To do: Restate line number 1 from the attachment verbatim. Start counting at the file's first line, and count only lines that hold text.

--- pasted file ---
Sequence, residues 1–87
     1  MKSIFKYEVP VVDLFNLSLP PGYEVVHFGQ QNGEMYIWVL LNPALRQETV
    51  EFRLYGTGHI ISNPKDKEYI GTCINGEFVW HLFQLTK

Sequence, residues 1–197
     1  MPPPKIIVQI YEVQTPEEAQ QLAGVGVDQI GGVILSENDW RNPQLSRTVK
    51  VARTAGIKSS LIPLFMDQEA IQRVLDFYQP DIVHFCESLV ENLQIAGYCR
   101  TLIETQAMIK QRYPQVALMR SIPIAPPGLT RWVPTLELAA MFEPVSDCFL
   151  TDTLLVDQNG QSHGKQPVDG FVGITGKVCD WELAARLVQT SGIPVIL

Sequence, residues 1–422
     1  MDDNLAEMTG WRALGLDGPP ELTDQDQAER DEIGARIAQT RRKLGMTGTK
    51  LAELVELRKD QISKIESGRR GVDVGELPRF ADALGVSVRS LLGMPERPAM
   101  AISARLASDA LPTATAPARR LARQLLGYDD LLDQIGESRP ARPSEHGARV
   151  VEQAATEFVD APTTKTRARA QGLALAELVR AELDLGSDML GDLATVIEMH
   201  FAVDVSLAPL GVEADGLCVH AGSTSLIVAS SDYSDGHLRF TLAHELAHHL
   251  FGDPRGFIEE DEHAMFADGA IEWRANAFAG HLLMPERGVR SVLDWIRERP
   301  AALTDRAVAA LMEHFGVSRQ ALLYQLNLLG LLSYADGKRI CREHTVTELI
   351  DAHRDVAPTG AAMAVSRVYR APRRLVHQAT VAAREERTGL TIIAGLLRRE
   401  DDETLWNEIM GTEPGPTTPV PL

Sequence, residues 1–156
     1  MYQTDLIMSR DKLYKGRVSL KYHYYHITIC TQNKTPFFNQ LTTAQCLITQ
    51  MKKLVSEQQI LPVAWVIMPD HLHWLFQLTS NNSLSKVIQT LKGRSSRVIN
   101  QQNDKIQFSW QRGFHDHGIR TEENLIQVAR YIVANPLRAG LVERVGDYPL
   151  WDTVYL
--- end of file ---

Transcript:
Sequence, residues 1–87